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Adventures Features Hit-Or-Miss

The Huge Crawfish Boil That Became So Much More Than Just A Dinner

Memorial Day Weekend is one of the best weekends in America for a multitude of reasons. For one, it’s a day set aside to honor the men and women who have laid down their lives for this country, which is awesome. Secondly, it’s a holiday that virtually marks the beginning of summer, and that’s equally just as awesome. Finally, Memorial Day is a day typically spent cooking up some of the most delicious foods people can come up with, from the simplicity of dogs and burgs to the rare delicacy of shark fin.

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(left) Alligator being fried for the masses. (right) Setup for the boil begins.

One of my closest friends (we’ll call him “Jim”) invited me to his family’s lakehouse for Memorial Day Weekend. His wife was out of town, so he needed an attractive individual to take her place. It makes sense that I was chosen.

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The lake, which was manmade roughly 30 years ago, is a small, quiet lake that places an emphasis on privacy. It’s a veritable oasis, so it comes as no surprise that the founders of this summer goldmine see it as a well-kept secret. The lake itself is an elongated oval shape, perfect for the water sports that all the residents of the Ski West Village community enjoy. It’s also home to the biggest friggin’ crawfish boil my sheltered eyes have ever seen.

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We pull up to the lakehouse Friday night and Jim’s brother “Jay” greets us with a variety of beers. Getting drunk at the lake is a quintessential part of the entire experience, so I drink– not by choice, but rather to immerse myself into the culture, and to blend in amongst these seasoned lake veterans well enough to– ok, it was by choice. I want to get hammered, sue me. As we drink, Jim regales me with tales of the famous crawfish boil. He tells me about the variety of people that are going, and how the couple hosting the boil were born and raised in Louisiana. He finishes by telling me the hundreds of pounds of crawfish that are brought in are frozen for the trip (from Louisiana) then thawed when they arrive, bringing them back to life in a way that would make Captain America proud. My excitement, along with my bladder, is now bursting at the seams.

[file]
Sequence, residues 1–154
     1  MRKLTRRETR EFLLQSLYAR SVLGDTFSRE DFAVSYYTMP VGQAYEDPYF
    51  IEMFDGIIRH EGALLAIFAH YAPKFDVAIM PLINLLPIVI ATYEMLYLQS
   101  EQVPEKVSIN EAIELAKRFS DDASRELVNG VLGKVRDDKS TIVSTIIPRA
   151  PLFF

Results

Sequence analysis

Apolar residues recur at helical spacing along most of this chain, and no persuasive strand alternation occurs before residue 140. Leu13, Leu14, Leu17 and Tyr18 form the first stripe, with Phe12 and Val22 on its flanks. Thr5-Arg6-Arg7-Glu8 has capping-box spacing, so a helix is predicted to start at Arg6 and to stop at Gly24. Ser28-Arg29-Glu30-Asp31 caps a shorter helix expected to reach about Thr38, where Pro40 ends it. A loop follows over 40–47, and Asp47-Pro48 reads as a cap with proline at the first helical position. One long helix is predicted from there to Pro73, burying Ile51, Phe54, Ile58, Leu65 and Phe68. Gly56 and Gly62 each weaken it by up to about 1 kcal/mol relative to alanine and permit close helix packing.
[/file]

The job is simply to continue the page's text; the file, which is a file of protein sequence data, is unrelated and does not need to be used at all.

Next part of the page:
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After a long and fulfilling day of swimming and drinking, the crew and I begin walking over to the crawfish boil sometime around 6 pm. A soft breeze gently guides the pungent smell of garlic and spices through the crowds of people beginning to gather. The sound of alligator meat being fried whispers an intoxicating crackling, drowned out by “oohs” and “aahs” from young onlookers baffled at the thought of eating alligator. People begin shuffling in around the tables, preparing for the feast…that’s when several men come out holding the coolers filled with crawfish, the pallbearers for a crustaceous funeral.

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The deliverers of deliciousness begin dumping the coolers onto the table.  The slightly different shades of red throughout the mounds of shellfish give off a crimson glow in the setting sunlight the likes I’ve never seen before. The mountains of food mostly consist of crawfish, but that’s certainly not all. The boil also included (as is tradition) large chunks of corn, sausages cut in half, garlic cloves, mushrooms, onions and small red potatoes you could pop into your mouth like a Mentos.

Once that’s done, it’s no holds barred. Old people, children, and everyone in between start bustling around looking for the best spot on the table.

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As I pluck the shells off of my victims and throw the tiny portions of meat into my mouth like a ping pong ball into a cauldron, I become crushed under the weight of an intense “ah ha” epiphany, and the crawfish boil suddenly makes perfect sense to me. I look over to where Jim is and see him shaking hands with a family friend, reveling in their wakeboarding discussion. I see a young boy giving this whole “flirting” thing a try with a female friend while his buddies hide behind a few chairs, pointing and snickering. I see a mother holding her baby with one hand and digging into the sausage with the other while her husband rips a crawfish apart with his fingers. Then, without uttering a single word or taking their eyes off the prize, mom hands the baby off to dad and he takes it in stride, as if it were a running play up the middle.img_2511_720